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Scratch 2.0
© 2013 MIT Media Lab

CTR Review
buckleit
05/17/2013
Ease of Use
9/10
Educational
10/10
Entertaining
N/A
Design Features
10/10
Value
10/10
Total:
98%
Reviewed using the Standard Rubric
For ages 7-up
For grades 2, 3, 4, 5, 6, 7, 8, 9, S, Jr, Sr.
$free, Windows, Mac OSX
Teaches: programming, debugging, logic, math, science, STEM
Tagged for: Coding, Camera, All Time Best, Classic, STEM, Social, Early Math, Math, Art, Library Apps, Augmented Reality, Fred Rogers
See also Scratch 2.0 (January 2019)

Free, powerful and easy to learn, Scratch is a visual programming language that uses jigsaw-puzzle like bits of code that snap together, bringing programming within reach of novices.

Scratch works with any standard web browser, best on a Macintosh, Windows or Chrome computer. An Internet connection browser and Flash are required.

Scratch won't work on a tablet. You can install the Scratch 2.0 editor to work on projects without an internet connection. This version will work on Mac, Windows, and some versions of Linux (32 bit). Note that Adobe Air is required. To get started, visit http://scratch.mit.edu , and click on any project icon. If you create an account (with a user name and password), you can make your own program.

Features include an integrated paint editor that combines bitmap and vector graphics.

The online community is a key part of Scratch. So it is easy to make a program and then share it, or modify an existing project. The drag-and-drop puzzle pieces control on-screen Sprites, which can take any form (such as a digital photo of your dog, or perhaps a word from a poem, that is read out loud when it is clicked). There's also a set of Logo commands (such as Penup and Pendown) that will cause some to recall the language that was popular 25 years ago. Because you can record sounds or turn any digital picture into a sprite, the power of Scratch as a story telling or artistic tool begins to emerge. Finished products can be uploaded to an MIT website where they can be previewed on any browser, or downloaded and further edited.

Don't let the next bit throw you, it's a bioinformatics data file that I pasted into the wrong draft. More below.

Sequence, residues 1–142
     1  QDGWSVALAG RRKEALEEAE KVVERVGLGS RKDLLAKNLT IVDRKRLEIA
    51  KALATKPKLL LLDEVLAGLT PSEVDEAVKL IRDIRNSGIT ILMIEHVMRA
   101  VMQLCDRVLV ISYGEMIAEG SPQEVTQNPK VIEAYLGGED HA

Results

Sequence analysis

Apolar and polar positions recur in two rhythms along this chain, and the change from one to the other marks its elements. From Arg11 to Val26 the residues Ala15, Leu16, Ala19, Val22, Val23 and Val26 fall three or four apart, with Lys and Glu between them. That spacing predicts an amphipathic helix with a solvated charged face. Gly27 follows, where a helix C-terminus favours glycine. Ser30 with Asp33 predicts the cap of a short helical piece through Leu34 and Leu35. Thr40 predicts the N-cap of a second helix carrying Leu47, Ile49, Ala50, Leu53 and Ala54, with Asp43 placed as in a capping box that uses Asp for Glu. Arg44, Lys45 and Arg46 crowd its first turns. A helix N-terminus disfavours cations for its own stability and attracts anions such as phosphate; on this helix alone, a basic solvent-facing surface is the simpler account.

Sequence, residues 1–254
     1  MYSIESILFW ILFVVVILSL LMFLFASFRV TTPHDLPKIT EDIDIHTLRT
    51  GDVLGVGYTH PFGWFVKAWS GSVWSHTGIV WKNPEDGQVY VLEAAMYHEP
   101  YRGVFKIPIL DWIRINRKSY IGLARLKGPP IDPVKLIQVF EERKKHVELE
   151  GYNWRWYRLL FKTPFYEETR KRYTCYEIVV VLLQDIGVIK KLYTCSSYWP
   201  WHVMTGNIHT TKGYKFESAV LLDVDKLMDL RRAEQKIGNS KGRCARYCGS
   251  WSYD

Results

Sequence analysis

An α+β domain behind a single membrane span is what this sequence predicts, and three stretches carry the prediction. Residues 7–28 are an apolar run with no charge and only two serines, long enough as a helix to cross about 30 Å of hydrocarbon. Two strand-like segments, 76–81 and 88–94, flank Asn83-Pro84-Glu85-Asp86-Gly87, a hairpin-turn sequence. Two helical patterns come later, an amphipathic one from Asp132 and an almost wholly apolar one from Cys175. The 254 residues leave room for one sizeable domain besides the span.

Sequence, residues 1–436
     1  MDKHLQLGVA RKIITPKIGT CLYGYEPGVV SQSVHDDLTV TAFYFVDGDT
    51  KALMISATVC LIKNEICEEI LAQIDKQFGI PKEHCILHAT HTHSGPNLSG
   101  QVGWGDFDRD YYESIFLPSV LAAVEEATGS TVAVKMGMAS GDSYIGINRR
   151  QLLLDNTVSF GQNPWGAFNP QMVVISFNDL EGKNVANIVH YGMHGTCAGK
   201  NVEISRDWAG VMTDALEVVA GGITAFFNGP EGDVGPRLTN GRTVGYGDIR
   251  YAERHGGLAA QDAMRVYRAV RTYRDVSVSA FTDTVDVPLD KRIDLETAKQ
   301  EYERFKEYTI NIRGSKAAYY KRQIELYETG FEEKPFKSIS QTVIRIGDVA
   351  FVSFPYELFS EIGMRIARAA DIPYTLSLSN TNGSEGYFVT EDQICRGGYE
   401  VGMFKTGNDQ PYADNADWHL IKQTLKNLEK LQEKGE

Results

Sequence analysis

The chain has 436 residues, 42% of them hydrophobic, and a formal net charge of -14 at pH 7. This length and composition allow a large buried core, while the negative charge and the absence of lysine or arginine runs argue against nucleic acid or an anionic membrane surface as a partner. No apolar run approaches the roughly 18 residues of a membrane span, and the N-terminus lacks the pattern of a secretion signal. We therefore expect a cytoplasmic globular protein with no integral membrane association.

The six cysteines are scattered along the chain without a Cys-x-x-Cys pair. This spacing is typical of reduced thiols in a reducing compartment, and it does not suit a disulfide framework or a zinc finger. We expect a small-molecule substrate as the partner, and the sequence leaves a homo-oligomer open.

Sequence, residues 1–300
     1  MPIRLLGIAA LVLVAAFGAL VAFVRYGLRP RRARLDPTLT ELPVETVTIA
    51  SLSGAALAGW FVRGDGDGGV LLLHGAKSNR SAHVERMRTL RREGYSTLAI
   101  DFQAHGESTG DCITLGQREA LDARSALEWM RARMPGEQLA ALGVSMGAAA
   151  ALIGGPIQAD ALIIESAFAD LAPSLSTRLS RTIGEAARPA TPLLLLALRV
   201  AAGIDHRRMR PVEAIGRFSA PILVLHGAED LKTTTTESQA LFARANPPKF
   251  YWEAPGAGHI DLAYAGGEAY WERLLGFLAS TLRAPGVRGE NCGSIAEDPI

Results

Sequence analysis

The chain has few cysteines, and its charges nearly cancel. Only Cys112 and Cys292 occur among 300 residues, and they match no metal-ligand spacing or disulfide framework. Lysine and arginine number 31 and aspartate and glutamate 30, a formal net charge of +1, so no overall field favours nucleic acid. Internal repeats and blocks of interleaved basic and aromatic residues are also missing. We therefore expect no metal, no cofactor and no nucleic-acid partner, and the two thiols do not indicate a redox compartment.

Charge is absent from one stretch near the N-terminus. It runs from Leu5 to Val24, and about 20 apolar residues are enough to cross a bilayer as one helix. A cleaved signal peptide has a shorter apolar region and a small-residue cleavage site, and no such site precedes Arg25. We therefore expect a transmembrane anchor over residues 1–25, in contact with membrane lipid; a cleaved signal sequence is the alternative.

According to Mitchel Resnick, the LEGO Papert Professor of Learning Research at the MIT Media Lab and director of the Scratch Team. “Scratch 2.0 is as much about coding to learn as it is learning to code." According to Mr. Resnick, "since the launch of Scratch in 2007 there are more than 3 million projects on the website." As a result, this new version of Scratch is backwards compatible with the old projects.

While Scratch is free and easy to use, there are some weaknesses to note. Deleting parts of code—such as a Sprite—is done by dragging it off the work area, which can result in accidentally loosing all or parts of a program. We wished there was a better undo or Control-Z option. We also noted that because Scratch is Flash-based, there are times when a lot of computing (and battery) power is used, especially when the camera is turned on. We also noted that clicking on a link can lead you away from your program, ahead of the autosave.

For those who have been waiting to take back the power of interactive media from Viacom and Disney and give it to the children, Scratch is a welcome new option—and you certainly can't argue with the price.

According to CTR Intern Matthew DiMatteo, "Scratch is legit. It's nice how they give kids this kind of programming power without appearing too formidable." Visit http://scratch.mit.edu / for more information.

Update 11/6/2016. 100 million unique visitors came to the Scratch website. 25,000 new projects are shared daily. Collaborations include Cartoon Network so kids can program with characters like the Powerpuff Girls; the LEGO Company and Intel for connects to LEGO WeDo robotics and Arduino 101 and Google to create Scratch Blocks, so that developers can add programmability to their toys, games, and other products.

See also ScratchJr.
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